Best Algorithm For Stock Prediction

Best algorithm for stock prediction, Stock Prediction-Intraday is one of the trading norms of the stock market, buy shares at the opening time of the market and then sell the same at the closing time of the same day.

Today we are dealing with one of the data sets, based on daily data of seven years from 2014 to 2021.

We are going to use a simple machine learning algorithm to understand the data, analyze and make predictions based on an algorithm.

If you want to read more on stock market secrets click here.

In this tutorial, we took randomly one of the stocks for analysis and prediction. You can try some other stocks based on your view and interest.

Time Series Trend Analysis in R »

One of the suggestions is that you need to watch the stocks for at least 3 months closely and make your own conclusions with the help of these predictions.

These prediction ideas you can make use of long-term investment. For intraday, you need to know about some kind of strategy.

Suppose if you are going against the market trend chances are higher for losing money. One of the simple strategies we already explained in one of our old posts click here to read.

Load Library

library(prophet)
library(lubridate)
library(ggplot2)
library(pacman)
pacman::p_load(data.table, fixest, BatchGetSymbols, finreportr, ggplot2, lubridate)

Set parameters

first.date <- Sys.Date() - 2500
last.date <- Sys.Date()
freq.data <- "daily"
tickers <- c("BALKRISIND.NS")

We are taking daily data from 2014-07-01 to 2021-05-05.

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Getting Data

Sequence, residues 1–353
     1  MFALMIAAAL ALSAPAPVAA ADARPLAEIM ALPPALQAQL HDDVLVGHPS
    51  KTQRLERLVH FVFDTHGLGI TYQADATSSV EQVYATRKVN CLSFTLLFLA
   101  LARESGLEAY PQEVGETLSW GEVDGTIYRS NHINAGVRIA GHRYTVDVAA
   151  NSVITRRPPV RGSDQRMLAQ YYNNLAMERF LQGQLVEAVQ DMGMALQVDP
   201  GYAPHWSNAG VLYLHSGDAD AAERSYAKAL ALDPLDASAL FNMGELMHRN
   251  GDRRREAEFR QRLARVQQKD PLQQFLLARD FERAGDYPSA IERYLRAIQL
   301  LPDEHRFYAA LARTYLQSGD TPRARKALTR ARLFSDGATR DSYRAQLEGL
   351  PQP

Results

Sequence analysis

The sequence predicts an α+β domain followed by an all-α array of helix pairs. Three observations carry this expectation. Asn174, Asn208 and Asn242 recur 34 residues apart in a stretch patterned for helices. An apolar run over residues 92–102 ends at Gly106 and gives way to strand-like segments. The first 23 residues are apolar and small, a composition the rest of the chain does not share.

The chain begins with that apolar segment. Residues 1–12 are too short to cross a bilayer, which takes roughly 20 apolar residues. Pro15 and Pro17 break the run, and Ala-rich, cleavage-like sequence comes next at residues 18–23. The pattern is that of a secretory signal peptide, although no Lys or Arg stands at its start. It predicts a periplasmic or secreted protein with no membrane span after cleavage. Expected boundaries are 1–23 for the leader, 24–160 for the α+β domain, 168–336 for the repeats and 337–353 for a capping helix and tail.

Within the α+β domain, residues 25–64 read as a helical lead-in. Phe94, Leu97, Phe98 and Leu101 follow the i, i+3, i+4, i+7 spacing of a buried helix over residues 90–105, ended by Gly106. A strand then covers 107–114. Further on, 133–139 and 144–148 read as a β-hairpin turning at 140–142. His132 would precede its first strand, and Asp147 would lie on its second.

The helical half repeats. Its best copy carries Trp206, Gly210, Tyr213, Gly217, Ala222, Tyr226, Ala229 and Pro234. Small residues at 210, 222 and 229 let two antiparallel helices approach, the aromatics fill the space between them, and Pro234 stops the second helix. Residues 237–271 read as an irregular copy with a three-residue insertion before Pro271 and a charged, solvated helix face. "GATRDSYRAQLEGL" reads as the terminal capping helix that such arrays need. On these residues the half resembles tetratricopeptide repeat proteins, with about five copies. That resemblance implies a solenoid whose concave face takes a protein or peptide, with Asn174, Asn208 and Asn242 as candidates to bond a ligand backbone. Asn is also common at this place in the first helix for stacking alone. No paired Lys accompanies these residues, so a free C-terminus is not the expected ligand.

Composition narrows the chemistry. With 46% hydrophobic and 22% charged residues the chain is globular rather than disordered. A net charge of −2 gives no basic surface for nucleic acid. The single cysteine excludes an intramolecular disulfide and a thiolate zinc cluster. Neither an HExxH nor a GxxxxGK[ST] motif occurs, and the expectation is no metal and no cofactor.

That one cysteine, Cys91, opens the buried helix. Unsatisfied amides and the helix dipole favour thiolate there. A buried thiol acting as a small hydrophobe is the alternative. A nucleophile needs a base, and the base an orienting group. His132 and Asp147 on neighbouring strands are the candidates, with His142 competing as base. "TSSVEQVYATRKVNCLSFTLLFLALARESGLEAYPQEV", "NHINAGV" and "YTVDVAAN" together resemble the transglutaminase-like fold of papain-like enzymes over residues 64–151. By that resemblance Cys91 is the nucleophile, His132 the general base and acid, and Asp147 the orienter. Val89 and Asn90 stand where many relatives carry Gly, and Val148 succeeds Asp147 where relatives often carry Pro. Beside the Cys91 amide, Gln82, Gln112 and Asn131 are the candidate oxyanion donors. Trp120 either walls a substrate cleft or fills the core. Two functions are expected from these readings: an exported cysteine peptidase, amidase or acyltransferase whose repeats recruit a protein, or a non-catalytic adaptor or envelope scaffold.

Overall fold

stocks <- BatchGetSymbols(tickers = tickers,
                          first.date = first.date,
                          last.date = last.date,
                          freq.data = freq.data,
                          do.cache = FALSE,
                          thresh.bad.data = 0)
data<-stocks$df.tickers
data<-na.omit(data)
head(data)

The following details will get for analysis.

price.open price.high price.low price.close volume price.adjusted   ref.date
2   367.2603   371.1934  357.9189    364.2366 124870       342.4004 2014-07-02
3   363.8187   367.3586  358.1648    361.9259  30469       340.2281 2014-07-03
4   359.0743   369.2268  359.0743    365.3428  29728       343.4402 2014-07-04
5   362.8600   367.9485  354.9691    358.0419  74821       336.5770 2014-07-07
6   356.7390   360.8688  347.5944    348.8972  79854       327.9806 2014-07-08
7   346.1194   348.5285  330.4850    341.2030 402494       320.7476 2014-07-09
         ticker ret.adjusted.prices ret.closing.prices
2 BALKRISIND.NS         0.004678743        0.004678642
3 BALKRISIND.NS        -0.006344423       -0.006344118
4 BALKRISIND.NS         0.009441102        0.009441052
5 BALKRISIND.NS        -0.019983830       -0.019983871
6 BALKRISIND.NS        -0.025540681       -0.025540653
7 BALKRISIND.NS        -0.022053048       -0.022053126
str(data)

The dataset contains total of 1680 observations and 10 variables.

Q plot

Let’s plot the dataset for understanding.

qplot(data$ref.date, data$price.close,data=data)

It is clearly evident that the data set is not stationary. Let make use of log transformation and convert it into stationary data.

What is mean by best standard deviation?

Log transformation

ds <- data$ref.date
y <- log(data$price.close)
df <- data.frame(ds, y)
head(df)

After log transformation, the data set should be like this.

      ds        y
 1 2014-07-03 5.891439
 2 2014-07-04 5.900836
 3 2014-07-07 5.880650
 4 2014-07-08 5.854777
 5 2014-07-09 5.832478
 6 2014-07-10 5.854777

Stock forecasting we are using prophet package

m <- prophet(df)
future <- make_future_dataframe(m, periods = 30)

periods indicate the number of days needs to forecast.

Minimum number of units in an experimental design